the new yorker recently published an article, “the english wars.” an eye-of-the-hurricane word swirl picture was under the title, seeming very gory and bloodthirsty indeed. i read lustfully. there are two kinds of people in the world, you see. the prescriptivists: those who believe language should be finite, and the descriptivists: those who support linguistic evolution. the article hinged on william strunk’s credo of linguistic minimalism. e.b. white, strunk’s student at cornell university, famously championed strunk’s style in his novels and essays. for both strunk and white, minimalism communicated better than verbosity, although verbosity had been culturally reinforced for centuries. in their essays, they went so far as to say that minimalism wasn’t just about “sounding” less pretentious, it inherently indicated the morality of the writer. in short: people that use simpler language are better people.
my opinion lurks in the crossfire. while i have no interest in sounding like the wife of bath (just looking like her!! ..joak), anyone who loves books probably feels an affinity toward the art of the english language. they want to see its power maintained. because if knowledge is power, and knowledge is preserved through time by language, than language is power. language is infallible. but humans seek to control. english-speaking humans especially (can we agree?). our culture is defined by deconstructing. sir walter raleigh, one of the earliest colonists to come to the united states, spelled his last name 111 different ways. since the earliest english-speaking tribes, wars erupted over grammar and spelling. language and imperialism go hand in hand.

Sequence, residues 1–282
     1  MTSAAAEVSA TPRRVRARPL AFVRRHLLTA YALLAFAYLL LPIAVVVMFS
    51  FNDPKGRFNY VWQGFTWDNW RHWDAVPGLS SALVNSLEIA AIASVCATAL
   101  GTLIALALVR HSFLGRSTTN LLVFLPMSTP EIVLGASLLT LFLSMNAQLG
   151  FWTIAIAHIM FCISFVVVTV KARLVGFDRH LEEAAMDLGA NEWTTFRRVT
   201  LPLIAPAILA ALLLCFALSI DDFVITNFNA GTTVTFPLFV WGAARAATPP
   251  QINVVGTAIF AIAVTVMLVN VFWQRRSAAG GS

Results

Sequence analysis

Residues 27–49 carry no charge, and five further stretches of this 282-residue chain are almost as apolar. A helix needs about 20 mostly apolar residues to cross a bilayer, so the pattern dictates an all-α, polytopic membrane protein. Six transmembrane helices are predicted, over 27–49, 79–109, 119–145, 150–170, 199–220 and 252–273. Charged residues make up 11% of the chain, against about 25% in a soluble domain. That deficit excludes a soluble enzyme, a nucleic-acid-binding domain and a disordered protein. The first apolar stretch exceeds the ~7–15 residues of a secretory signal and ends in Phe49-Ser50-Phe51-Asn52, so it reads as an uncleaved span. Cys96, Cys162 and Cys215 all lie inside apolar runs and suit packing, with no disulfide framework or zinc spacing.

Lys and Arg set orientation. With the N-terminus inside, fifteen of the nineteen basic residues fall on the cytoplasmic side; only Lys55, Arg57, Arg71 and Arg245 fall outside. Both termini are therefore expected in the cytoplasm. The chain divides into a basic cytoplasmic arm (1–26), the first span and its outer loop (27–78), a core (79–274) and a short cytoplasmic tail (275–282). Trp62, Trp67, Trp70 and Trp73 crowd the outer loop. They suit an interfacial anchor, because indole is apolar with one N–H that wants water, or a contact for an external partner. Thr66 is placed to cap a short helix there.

while legal restrictions maintain a relative system of linguistic checks and balances today, some still take offense to blatant disregard for the english language. like my grandfather or some unnamed fellow english majors from kenyon college (u kno who u be, h8as!!!). but these people just seem like they need to get with the proag. the idea that deconstructing english is hip is more culturally relevant, and is where i identify. in particular, i’m talking about why ghetto (linguistically) is funny. especially on twitter. read @ghettohikes. “Gerald stoled my Powerade and act’n like he didn’t. Over there wit a purple mustache. Motherfucka needa recreate me a drink.” what would prescriptivists say about @ghettohikes? would prescriptivists inquisition its ass? would i be persecuted for making inquisition a verb? why do pretty rich white girls love to say SUPER ghetto things? spell things with no vowels and extraneous x,y, and z’s? PLZZ TLL M3. it seems that making a mockery of the english language is, in these analogous ways, the desire to make communication more human. less perfect. absurd, because life is absurd.
so while i agree with strunk and white that minimalism is key, to exert any type of control over language seems futile. homiez gon do what they gon do. <– it goes without saying, clearly, to deconstruct language at your own risk. wynk.